The epithet ‘casino economy’ he had first employed when telling Mexico in 1994 that its economy was being reared on the sands of a gigantic trade deficit and foreign borrowings. Casino would mean people strolling in, putting in their money for short term gains at the stock exchange, and then taking it out quickly as if walking out of a night club. But that doesn’t mean that Burki was blind to the achievements under Musharraf; even after being the Cassandra that riled Shaukat Aziz into issuing a threat, his verdict is that the glass of the national economy is half full, not half empty.
Days before the 2008 elections, Pakistan’s political parties ended up giving top priority to the education sector in their election manifestoes, promising to lavish astronomical amounts of the national wealth on educating the people of Pakistan, without any experience in the past of handling national education. Burki goes to the crux of the problem, saying education is a Muslim problem because the sector is backward in the entire Islamic world, and pinpointing that ‘the study of Islam was introduced as a compulsory part of the curriculum in Pakistan in the 1970s and the 1980s...in order to placate a small but influential segment of society’ (p.177).
Throwing money at education therefore will not solve Pakistan’s crisis of the quality of homo pakistanicus. As John Dewey said, what you think is education could be something that human society could be better off not having. And if the education sector is with the provinces, and the provinces don’t know how to collect and spend money, making big allocations for education could be an extravagance, as happened in Sindh in 2007 when the chief minister left office, like his predecessor, without meeting primary education targets. Education budgets are usually returned unspent, which may be just as well because the poisoned ‘curriculum wing’ at Islamabad was not changed even by an enlightened Musharraf riding the reluctant mule of the ‘chaudhry’ PML.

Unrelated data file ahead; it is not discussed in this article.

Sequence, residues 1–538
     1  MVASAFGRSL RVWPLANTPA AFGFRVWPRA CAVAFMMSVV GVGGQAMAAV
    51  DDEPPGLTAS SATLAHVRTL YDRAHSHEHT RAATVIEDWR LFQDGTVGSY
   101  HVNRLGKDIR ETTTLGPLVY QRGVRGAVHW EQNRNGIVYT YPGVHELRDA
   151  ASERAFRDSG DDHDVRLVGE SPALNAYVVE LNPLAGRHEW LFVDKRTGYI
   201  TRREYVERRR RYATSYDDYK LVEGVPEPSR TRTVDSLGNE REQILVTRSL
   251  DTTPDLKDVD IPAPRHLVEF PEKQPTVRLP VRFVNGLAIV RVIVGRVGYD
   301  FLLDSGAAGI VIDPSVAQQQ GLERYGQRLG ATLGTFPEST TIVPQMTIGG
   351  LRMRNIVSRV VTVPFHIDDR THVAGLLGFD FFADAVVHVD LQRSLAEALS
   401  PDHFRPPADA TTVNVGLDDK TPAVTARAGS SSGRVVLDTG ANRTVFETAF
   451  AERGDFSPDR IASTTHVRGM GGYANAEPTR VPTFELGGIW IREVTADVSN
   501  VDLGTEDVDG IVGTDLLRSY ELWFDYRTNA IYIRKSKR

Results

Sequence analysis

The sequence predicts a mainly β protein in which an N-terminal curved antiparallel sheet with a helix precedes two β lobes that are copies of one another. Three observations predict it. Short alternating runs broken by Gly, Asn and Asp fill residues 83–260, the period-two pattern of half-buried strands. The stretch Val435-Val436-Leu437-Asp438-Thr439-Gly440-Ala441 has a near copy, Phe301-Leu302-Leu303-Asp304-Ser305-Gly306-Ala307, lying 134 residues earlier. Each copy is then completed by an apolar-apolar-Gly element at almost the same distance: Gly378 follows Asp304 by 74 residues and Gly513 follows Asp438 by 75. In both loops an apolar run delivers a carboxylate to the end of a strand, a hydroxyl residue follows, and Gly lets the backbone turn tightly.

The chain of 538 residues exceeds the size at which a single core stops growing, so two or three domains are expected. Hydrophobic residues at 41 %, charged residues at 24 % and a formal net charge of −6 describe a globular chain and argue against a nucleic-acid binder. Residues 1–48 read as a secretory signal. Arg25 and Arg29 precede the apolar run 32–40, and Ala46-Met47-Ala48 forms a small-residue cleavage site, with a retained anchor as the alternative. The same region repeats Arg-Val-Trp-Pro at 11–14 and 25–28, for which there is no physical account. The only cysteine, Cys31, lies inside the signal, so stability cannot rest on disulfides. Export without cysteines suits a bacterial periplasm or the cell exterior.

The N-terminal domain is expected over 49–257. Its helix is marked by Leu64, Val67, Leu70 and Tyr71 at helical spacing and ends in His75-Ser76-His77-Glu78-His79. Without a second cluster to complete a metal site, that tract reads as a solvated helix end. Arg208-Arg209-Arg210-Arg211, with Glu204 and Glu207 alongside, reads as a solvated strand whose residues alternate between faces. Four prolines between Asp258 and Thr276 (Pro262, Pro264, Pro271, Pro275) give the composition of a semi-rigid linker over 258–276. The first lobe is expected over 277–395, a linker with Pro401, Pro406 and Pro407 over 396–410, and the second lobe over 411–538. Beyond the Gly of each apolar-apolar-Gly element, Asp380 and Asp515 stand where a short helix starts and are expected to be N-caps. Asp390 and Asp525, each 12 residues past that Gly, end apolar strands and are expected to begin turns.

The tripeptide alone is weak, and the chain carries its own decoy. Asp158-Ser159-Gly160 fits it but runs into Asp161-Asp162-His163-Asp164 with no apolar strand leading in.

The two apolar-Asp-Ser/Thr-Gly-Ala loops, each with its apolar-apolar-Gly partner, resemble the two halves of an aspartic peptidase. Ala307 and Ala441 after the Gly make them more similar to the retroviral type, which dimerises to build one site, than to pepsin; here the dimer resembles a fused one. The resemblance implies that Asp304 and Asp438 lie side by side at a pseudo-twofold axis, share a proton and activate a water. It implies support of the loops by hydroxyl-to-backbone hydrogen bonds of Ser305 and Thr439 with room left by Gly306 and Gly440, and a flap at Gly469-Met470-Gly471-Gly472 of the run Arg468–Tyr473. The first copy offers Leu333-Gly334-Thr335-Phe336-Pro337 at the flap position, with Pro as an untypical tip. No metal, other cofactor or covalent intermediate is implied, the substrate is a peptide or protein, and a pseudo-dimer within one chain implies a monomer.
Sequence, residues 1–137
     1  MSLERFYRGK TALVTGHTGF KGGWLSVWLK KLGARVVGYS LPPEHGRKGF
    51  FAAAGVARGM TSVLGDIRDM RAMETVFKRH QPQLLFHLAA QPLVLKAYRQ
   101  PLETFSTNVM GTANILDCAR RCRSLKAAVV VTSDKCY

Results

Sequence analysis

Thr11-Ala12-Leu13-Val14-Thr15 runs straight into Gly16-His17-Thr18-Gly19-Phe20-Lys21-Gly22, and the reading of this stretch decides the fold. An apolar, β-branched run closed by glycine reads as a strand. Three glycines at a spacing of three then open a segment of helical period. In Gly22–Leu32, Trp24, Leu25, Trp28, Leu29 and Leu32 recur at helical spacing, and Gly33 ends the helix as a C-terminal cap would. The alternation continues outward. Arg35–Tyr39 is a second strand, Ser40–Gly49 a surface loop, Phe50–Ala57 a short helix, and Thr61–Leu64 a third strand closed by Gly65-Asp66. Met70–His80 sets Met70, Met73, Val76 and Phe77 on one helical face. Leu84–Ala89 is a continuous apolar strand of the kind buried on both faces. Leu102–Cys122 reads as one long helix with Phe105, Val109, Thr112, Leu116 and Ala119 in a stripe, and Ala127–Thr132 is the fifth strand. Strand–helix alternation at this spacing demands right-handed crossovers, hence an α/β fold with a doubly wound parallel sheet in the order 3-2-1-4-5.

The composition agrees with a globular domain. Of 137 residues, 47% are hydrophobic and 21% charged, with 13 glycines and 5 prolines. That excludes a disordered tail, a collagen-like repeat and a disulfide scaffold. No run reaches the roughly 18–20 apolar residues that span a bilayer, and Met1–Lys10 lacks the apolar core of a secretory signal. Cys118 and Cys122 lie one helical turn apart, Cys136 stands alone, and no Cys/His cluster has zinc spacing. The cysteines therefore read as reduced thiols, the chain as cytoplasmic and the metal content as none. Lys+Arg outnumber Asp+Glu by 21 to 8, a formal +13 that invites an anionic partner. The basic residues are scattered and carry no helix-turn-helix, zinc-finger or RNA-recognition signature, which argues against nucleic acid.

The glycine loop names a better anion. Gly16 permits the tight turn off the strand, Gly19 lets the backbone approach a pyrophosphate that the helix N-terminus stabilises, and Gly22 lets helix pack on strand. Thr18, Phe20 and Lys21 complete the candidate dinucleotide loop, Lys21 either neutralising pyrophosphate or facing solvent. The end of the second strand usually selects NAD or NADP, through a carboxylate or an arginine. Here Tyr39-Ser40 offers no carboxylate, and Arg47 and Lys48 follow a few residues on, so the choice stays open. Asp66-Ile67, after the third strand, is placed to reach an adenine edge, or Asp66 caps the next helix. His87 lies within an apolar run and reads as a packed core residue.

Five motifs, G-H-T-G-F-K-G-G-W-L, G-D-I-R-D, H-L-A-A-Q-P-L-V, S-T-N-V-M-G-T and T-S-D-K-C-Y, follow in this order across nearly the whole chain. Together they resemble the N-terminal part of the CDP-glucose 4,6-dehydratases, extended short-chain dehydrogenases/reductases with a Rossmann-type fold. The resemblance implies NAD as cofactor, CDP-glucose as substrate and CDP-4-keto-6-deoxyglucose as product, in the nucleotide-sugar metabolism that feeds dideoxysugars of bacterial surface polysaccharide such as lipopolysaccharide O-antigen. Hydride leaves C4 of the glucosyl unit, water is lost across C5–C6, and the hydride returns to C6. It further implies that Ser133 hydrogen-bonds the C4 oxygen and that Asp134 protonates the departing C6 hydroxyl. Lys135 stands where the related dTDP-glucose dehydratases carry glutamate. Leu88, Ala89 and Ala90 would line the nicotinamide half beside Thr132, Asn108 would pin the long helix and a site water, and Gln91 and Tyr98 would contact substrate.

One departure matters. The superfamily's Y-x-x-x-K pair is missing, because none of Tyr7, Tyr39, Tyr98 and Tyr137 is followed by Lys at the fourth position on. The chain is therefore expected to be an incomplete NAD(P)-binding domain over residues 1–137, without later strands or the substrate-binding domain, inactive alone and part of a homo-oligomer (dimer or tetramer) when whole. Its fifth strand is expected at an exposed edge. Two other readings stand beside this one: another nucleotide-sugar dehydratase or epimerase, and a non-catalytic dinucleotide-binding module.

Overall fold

(A speaker at Burki’s book launch in Lahore this month spoke critically about there being three systems of education in operation in Pakistan — the same as in India, the rising Muslim madrassa included - that produced three different minds. He seemed to recommend the cultivation of uniformity in the national psyche, little realising that levelling the three systems in operation through an ideological state’s apriorism would produce nothing but indoctrinated mediocrity. It is remarkable how threateningly uniform the Pakistani students’ mind already is today, thanks to Islamabad’s ‘curriculum wing’, while the infamous ‘three systems’ are in operation. According to linguist-scholar Dr Tariq Rehman, the most pluralist mind is being produced by the market-driven English medium system through an undermining of the ideological state.)